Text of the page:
HOGANSVILLE, N.Y. -- First American, a new one-store independent that held its grand opening here Saturday on an American Indian reservation, has equipped the 55,000-square-foot store with 30,000 wireless electronic shelf labels (ESLs) to facilitate price changes and shelf stocking.
Despite questions about return on investment that surround ESLs, First American projects that price accuracy and labor savings will lead to an ROI within 12 to 14 months, said Dick Onufer, general manager, First American, located on the St. Regis Mohawk reservation known as Akwesasne, three miles from the Canadian border.
"Although [ESLs] are not considered standard equipment, we wanted to do as much as we could technology-wise for this store," he said. "We want to give back to the community as much as we can."
ESLs are small plastic LCD modules that replace paper labels at the shelf edge and register price changes electronically. First American's ESLs, called StoreForward, were supplied by Wincor Nixdorf, Austin, Texas, a supplier of point-of-sale systems that entered the ESL arena in the past year. The labels were made by Tagnetics, Dayton, Ohio. Established ESL providers include NCR, Atlanta, and Telepanel, Markham, Ontario.
First American is one of the few food retailers in the United States, outside of Connecticut, to install ESLs, which retailers in other states have struggled to cost-justify despite the labor savings gained from electronic price changes.
In Connecticut, where ESLs are popular, the electronic labels exempt stores from item-pricing requirements, saving an average of about $85,000 a year, according to Pete Abell, senior partner, ePC Group, Boston. "With the exception of stores based in Connecticut, it's very difficult for a supermarket to achieve an ROI with ESLs," he said.
In New York, although item-price marking is not required, item-price accuracy is enforced, making ESLs more attractive. "A retailer will get fined [$500 per occurrence] if a discrepancy is found between the price noted in its scanning system and the item's shelf price," Abell said. "I've seen retailers who've had price discrepancies for one-quarter to one-half of all prices." Mistakes like these are often the result of human errors that occur during manual price changes, he explained.
Since First American is a brand new store, its initial investment in ESLs is not as substantial as one required by an existing store. "The cost of installing ESLs in new stores is about $12,000 to $15,000 less than retrofitting an existing store with the equipment," Abell said.
Maintenance costs associated with First American's system may also be reduced since the ESLs don't contain batteries. "Typically, labels that contain batteries tend to require a little more maintenance than those without batteries," Abell said. "Batteries usually have to be replaced every couple of years."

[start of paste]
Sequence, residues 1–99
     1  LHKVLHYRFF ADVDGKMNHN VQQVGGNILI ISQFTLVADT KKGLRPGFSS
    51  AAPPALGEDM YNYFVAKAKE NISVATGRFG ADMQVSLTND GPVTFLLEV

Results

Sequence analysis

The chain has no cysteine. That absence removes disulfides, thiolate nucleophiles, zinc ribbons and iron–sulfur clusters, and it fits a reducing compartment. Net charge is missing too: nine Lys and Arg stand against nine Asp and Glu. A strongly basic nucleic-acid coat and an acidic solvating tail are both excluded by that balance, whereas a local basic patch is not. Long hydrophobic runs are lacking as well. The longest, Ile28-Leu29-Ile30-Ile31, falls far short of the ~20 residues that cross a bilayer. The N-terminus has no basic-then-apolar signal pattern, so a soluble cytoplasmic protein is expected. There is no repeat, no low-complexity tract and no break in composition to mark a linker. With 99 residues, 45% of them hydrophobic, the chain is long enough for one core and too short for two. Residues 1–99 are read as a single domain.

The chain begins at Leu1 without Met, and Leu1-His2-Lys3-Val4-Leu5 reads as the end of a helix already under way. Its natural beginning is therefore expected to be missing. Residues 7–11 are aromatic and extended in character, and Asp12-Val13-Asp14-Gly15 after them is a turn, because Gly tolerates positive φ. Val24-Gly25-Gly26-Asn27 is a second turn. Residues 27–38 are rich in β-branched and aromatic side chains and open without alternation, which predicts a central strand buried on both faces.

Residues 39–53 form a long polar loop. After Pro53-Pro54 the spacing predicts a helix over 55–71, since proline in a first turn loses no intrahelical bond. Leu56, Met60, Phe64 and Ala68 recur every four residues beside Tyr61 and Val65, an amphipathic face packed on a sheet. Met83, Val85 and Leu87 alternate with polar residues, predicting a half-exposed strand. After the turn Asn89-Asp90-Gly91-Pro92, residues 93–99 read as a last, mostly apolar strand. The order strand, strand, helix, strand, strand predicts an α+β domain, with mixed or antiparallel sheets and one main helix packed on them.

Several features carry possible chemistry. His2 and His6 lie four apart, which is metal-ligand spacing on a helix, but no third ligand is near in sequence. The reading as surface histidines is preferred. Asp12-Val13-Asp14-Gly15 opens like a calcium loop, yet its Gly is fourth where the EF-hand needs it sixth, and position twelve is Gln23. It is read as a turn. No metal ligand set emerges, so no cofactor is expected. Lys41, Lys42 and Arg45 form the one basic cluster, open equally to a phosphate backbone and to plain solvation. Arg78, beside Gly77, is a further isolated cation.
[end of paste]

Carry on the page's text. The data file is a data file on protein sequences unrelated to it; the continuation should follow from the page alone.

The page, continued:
The StoreForward system sends price changes to the ESLs in real time from a store tag controller in the back room over the store's wireless RF 802.11b network to tag area controllers (TAC) mounted on each gondola, refrigerator and freezer, according to Ron Early, president, Tagnetics.
The TAC then distributes pricing information to individual labels via Tagnetic's patented inductive coupling process. "We drive a proprietary signal and communicate with each individual tag uniquely," Early said. The tags are powered via an electrical strip rather than by batteries.
First American's choice of an 802.11b network for use with ESL is a wise one since the network can be used in other areas of the store, Abell said. "It's the same frequency used with wireless handheld devices," he said. "To get a true ROI, it's important to use the same frequency or infrastructure to do other things beyond just shelf labels."
First American will leverage the ESLs for tasks beyond displaying price. For example, the system's stock-to-light feature helps store associates stock items with a flashing light emitting diode (LED).
"If you scan the bar code on an item, its corresponding electronic shelf label will blink," Early said. Tags will also indicate how many facings a particular product should have. "If the store has a run on diapers and there are no diapers left on the shelf, the person who rebuilds it will know how many facings there should be," he said.
In addition to ESL technology, First American will install two self-checkout terminals in the near future. The store also features dual-till registers to accommodate both Canadian and American currency. And it electronically maintains its HVAC system and piped its vestibules and sidewalk so that hot water can melt snow and ice during the winter.
Along with the 10,000 residents on the reservation, the store hopes to attract Canadian and American consumers with its tax-free products.